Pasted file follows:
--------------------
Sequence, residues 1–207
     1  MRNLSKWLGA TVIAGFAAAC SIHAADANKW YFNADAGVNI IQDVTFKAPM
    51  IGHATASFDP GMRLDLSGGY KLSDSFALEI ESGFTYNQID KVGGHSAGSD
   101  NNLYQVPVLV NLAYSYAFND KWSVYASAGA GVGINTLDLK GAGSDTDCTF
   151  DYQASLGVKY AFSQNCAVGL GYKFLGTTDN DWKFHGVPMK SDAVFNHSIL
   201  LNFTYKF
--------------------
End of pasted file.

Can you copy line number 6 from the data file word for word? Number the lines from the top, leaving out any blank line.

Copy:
   201  LNFTYKF